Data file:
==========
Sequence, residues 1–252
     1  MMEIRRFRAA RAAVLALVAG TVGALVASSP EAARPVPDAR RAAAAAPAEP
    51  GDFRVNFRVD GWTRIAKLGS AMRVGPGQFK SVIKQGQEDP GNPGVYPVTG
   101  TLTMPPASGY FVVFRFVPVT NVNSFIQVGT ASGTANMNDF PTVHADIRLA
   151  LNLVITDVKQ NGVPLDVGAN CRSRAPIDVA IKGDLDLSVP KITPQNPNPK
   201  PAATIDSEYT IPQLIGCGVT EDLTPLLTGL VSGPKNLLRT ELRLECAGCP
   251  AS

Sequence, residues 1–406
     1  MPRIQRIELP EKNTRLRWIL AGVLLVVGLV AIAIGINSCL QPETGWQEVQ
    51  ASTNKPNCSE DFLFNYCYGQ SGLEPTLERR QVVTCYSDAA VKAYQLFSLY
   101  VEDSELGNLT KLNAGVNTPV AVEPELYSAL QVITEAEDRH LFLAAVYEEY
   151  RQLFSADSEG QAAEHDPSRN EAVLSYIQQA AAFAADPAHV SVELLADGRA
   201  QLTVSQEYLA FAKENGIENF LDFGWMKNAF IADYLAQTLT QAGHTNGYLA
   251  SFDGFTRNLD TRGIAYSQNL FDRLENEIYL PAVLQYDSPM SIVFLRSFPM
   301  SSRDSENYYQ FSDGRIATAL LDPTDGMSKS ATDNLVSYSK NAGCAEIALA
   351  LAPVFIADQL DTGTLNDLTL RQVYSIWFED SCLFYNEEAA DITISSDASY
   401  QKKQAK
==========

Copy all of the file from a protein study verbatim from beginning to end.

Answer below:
Sequence, residues 1–252
     1  MMEIRRFRAA RAAVLALVAG TVGALVASSP EAARPVPDAR RAAAAAPAEP
    51  GDFRVNFRVD GWTRIAKLGS AMRVGPGQFK SVIKQGQEDP GNPGVYPVTG
   101  TLTMPPASGY FVVFRFVPVT NVNSFIQVGT ASGTANMNDF PTVHADIRLA
   151  LNLVITDVKQ NGVPLDVGAN CRSRAPIDVA IKGDLDLSVP KITPQNPNPK
   201  PAATIDSEYT IPQLIGCGVT EDLTPLLTGL VSGPKNLLRT ELRLECAGCP
   251  AS

Sequence, residues 1–406
     1  MPRIQRIELP EKNTRLRWIL AGVLLVVGLV AIAIGINSCL QPETGWQEVQ
    51  ASTNKPNCSE DFLFNYCYGQ SGLEPTLERR QVVTCYSDAA VKAYQLFSLY
   101  VEDSELGNLT KLNAGVNTPV AVEPELYSAL QVITEAEDRH LFLAAVYEEY
   151  RQLFSADSEG QAAEHDPSRN EAVLSYIQQA AAFAADPAHV SVELLADGRA
   201  QLTVSQEYLA FAKENGIENF LDFGWMKNAF IADYLAQTLT QAGHTNGYLA
   251  SFDGFTRNLD TRGIAYSQNL FDRLENEIYL PAVLQYDSPM SIVFLRSFPM
   301  SSRDSENYYQ FSDGRIATAL LDPTDGMSKS ATDNLVSYSK NAGCAEIALA
   351  LAPVFIADQL DTGTLNDLTL RQVYSIWFED SCLFYNEEAA DITISSDASY
   401  QKKQAK